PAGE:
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Showing posts by: T. Jefferson Parker click to see T. Jefferson Parker's profile
Jul 25 2017 2:00pm

My Favorite Crime Novels and Movies

It seems like every time I make a list of my favorite crime novels and movies, it gets longer. The longer you live, the longer it gets! I added another movie to my list just last week—more on that in a short moment.

The first serious crime stories I read were the short stories of Edgar Alan Poe. This would have been in the early ‘60s when I was in grade and middle school. See, we had this nice big bookshelf in our suburban Southern California home, and mom and dad told me TV “will rot your brain,” so we had a strict TV curfew but unlimited use of the bookshelf. We could even stay up past bed time if we were reading!

[See T. Jefferson Parker's favorite crime movies and novels!]

Jul 17 2017 10:00am

T. Jefferson Parker Excerpt: The Room of White Fire

T. Jefferson Parker

The Room of White Fire by T. Jefferson Parker follows a P.I. who must hunt down a soldier who is damaged by war, dangerous, and on the run (available August 22, 2017).

Read an exclusive excerpt from The Room of White Fire, and then make sure you're signed in and comment below for a chance to win a copy of T. Jefferson Parker's latest thriller!

A young soldier escaped from a mental institution.
A P.I. carrying his own wounds hired to track that soldier down.
A race against the clock to bring the soldier home before he reveals the secret that haunts him.

Roland Ford—once a cop, then a marine, now a private investigator—is good at finding people. But when he’s asked to locate Air Force veteran Clay Hickman, he realizes he’s been drawn into something deep and dark. He knows war, having served as a Marine in first Fallujah; he also knows personal pain, as only two years have passed since his wife, Justine, died. What he doesn’t know is why a shroud of secrecy hangs over the disappearance of Clay Hickman—and why he’s getting a different story from everyone involved.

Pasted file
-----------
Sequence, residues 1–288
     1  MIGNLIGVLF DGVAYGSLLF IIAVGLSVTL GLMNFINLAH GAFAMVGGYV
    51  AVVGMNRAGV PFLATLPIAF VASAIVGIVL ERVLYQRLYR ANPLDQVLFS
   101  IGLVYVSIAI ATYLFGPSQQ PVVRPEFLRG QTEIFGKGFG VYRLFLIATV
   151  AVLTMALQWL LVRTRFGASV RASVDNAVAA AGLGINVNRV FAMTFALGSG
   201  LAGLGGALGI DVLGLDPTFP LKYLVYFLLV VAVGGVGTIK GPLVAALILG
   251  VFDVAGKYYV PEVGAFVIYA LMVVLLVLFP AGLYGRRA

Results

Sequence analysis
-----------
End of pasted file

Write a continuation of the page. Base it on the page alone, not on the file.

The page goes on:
To begin with, there’s Sequoia, the teenage woman who helped Clay escape; she’s smart enough to fend off Ford’s questions but impetuous enough to be on the run with an armed man. Then there’s Paige Hulet, Clay’s doctor, who clearly cares deeply for his welfare but is impossible to read, even as she inspires in Ford the first desire he has felt since his wife’s death. And there’s Briggs Spencer, the proprietor of the mental institution who is as enigmatic as he is brash, and ambitious to the point of being ruthless. What could Clay possibly know to make this search so desperate?

What began as just a job becomes a life-or-death obsession for Ford, pitting him against immensely powerful and treacherous people and forcing him to contend with chilling questions about truth, justice, and the American way.

[Read an excerpt from The Room of White Fire...]